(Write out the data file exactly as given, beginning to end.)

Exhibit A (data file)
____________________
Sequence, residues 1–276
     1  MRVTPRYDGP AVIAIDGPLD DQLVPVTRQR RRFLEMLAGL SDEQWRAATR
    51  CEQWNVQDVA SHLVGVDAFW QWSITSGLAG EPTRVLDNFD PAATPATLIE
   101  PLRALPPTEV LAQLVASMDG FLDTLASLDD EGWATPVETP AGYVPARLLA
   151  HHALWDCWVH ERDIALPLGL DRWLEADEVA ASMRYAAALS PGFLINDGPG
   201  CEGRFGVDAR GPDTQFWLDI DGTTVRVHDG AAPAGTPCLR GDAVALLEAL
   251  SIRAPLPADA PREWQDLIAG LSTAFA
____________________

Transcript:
Sequence, residues 1–276
     1  MRVTPRYDGP AVIAIDGPLD DQLVPVTRQR RRFLEMLAGL SDEQWRAATR
    51  CEQWNVQDVA SHLVGVDAFW QWSITSGLAG EPTRVLDNFD PAATPATLIE
   101  PLRALPPTEV LAQLVASMDG FLDTLASLDD EGWATPVETP AGYVPARLLA
   151  HHALWDCWVH ERDIALPLGL DRWLEADEVA ASMRYAAALS PGFLINDGPG
   201  CEGRFGVDAR GPDTQFWLDI DGTTVRVHDG AAPAGTPCLR GDAVALLEAL
   251  SIRAPLPADA PREWQDLIAG LSTAFA